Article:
15 Ways to Avoid Extremist Thinking as a Leader

PrecisionAbout a year ago I read a post on LinkedIn about Leadership that included a list of what makes a good leader. The author was a CEO of a big company. The list struck me as so black and white that at first I thought it was a joke then I realized that it was for real. This was an unsettling thought namely because, while black white thinking can be a sign of a leader, it’s most often associated with a leadership style the world needs less of. Dictators and zealots.

To be clear, this post isn’t an attack of the author, but rather a criticism of a way of thinking that has no room for mistakes, failure, imperfection, and most importantly, the realm of human experience that is constantly in flux, the part of us that is always and can always learn. Our humanity.

So I wrote a list to counter the author’s, focused on what I’d learned in all my jobs and in life up to this point as well as what I’ve observed indirectly from reading about the lives Gandhi, Martin Luther King, Malcom X, and Mother Theresa to name a few. Here is the list; the original points are in bold, followed by mine in italics.

  • They Never Fail To Lead
  • Always learn how to lead better
  • They Are Never Lukewarm
  • Follow an inner conscience over strong or “lukewarm” passions
  • They Never Tone Down Their Vision
  • Aim for bold visions that are good for all, before grandiose plans that the majority of followers realized in hindsight, were more about power
  • They Never Break Commitments
  • Obey conscience over the risk of disappointing others and tarnished reputation
  • They Never Worry About The Headlines
  • May worry about headlines, but know how to refocus attention on what matters and on what they do have power to influence
  • They Never Say Never
  • Recognize the danger and risk in absolutism (thought, words, deeds), in all its forms, subtle and explicit
  • They Never Need A Pat On The Back
  • Don’t rely on positive validation to persevere, but accept their humanity and as such are able to ask for support when needed without feeling the lesser for it
  • They Are Never Pessimistic
  • Know the importance of seeing life as it is rather than as “negative” or “positive”. A version of this could be Gandhi’s “Pragmatic Idealism”
  • They Never Procrastinate
  • Have different styles of how they are in action (slow pace, fast pace, etc), depending on their background and culture. But all good leaders know the wisdom of right timing
  • They Never Sit In Judgment
  • Have most probably held a grudge or two for a minute or more, but they have mastered the art of learning from it sooner than later
  • They Are Never Narrow Thinkers
  • Have courage to do what’s needed and what’s right despite its appearance or it being “big” or small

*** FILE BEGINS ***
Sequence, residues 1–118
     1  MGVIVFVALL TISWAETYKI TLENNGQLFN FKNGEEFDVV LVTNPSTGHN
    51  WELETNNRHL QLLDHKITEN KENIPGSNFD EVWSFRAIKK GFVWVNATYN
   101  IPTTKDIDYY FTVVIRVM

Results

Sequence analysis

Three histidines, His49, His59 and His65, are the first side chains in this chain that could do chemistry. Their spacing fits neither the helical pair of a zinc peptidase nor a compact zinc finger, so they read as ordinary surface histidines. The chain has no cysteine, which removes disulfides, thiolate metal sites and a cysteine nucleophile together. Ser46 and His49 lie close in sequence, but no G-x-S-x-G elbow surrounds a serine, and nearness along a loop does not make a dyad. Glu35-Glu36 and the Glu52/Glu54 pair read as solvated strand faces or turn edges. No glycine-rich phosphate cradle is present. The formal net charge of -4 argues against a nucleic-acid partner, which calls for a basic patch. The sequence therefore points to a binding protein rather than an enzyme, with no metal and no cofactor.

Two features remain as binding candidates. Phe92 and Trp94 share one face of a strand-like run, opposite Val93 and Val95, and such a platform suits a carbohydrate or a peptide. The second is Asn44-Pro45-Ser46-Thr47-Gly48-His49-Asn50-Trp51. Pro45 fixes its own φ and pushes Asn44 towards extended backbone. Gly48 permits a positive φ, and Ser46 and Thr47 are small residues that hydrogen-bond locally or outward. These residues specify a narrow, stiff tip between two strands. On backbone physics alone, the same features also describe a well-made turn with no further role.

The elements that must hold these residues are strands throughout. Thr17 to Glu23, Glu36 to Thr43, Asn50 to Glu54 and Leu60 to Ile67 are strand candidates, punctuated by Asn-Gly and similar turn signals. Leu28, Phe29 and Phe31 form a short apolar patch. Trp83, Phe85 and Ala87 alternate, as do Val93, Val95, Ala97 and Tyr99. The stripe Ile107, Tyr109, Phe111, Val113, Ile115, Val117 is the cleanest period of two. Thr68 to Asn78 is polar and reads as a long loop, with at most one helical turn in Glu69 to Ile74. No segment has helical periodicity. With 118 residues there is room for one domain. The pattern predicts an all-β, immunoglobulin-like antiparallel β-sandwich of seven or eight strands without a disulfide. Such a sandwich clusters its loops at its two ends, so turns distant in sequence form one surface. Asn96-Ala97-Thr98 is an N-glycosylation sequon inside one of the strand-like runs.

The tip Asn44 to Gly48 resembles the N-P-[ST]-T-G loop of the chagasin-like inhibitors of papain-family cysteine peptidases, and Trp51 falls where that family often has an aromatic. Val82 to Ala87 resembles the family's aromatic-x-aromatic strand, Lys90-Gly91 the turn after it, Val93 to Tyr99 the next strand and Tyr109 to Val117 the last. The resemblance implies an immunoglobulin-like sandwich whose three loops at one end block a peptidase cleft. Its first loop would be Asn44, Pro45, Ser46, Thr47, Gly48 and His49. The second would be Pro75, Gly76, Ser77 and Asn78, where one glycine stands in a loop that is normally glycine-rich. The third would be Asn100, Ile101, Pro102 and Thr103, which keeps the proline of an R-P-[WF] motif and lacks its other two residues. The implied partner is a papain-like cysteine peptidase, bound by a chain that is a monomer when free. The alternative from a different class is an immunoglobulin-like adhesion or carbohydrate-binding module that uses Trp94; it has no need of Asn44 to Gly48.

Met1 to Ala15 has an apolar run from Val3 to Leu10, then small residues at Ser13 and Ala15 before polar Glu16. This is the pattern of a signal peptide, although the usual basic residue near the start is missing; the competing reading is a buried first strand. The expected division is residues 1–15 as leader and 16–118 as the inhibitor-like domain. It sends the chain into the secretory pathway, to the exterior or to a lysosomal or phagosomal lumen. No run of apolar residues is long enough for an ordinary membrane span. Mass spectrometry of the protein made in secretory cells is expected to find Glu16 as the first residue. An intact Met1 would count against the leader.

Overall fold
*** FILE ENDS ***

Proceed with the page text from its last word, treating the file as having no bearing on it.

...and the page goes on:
• They Never Avoid Challenges
  • Do not shy away from confrontation, but they know that there are times when confrontation is NOT the best approach
  • They Never Worry About Appearing Vulnerable
  • Know that real vulnerability means feeling at least a bit uncomfortable, otherwise its a look alike
  • They Never Stop Asking Questions
  • Always challenge preconceived ideas, starting with their own
  • They Never Accept Defeat
  • Do not always know if there is a way to a solution, but they know that they have the strength of conviction and faith to endeavor

Reflecting on my actual experience with each of the author’s leadership principles, the words flowed easily. Not at all because I’d mastered them – (any of them!) – but because I’d thought about them, tried to live them, even if for moments at a time and remembered the experience of experimenting them, or rather, my version of them. In thinking about each principle in this way, I had to be honest. Once I did this, ironically, the word “never,” no longer applied. It was not an apt descriptor of my lived experience of these principles. Not because they were wrong, but because they didn’t accommodate the actual flesh and blood experience of living, or trying to live them, only an abstraction of those experiences and very limited ones at that.

There may be leaders for whom, the never-statements are accurate, but even so, that idea is a bit scary. I’ll take an imperfect leader trying to be better over a leader who is perfect by virtue of “never” doing…(fill in the blank), any day.

Aside from writers who convey a leader as a 2-dimensional action figure, I think one of the obstacles making it difficult to cultivate the leader within is in the very way that we think and talk about them. Black/white thinking and arguements and posts, stemming from it – no matter what the topic – do little to aid in the living of that topic. Because its devoid of lived experience, in other words, it’s from the head, of the head. And with a subject such as leadership, this is unfortunate, verging on reckless because the world could sure use more truly great leaders. Ones who speak from the their heart and head to ours.

 

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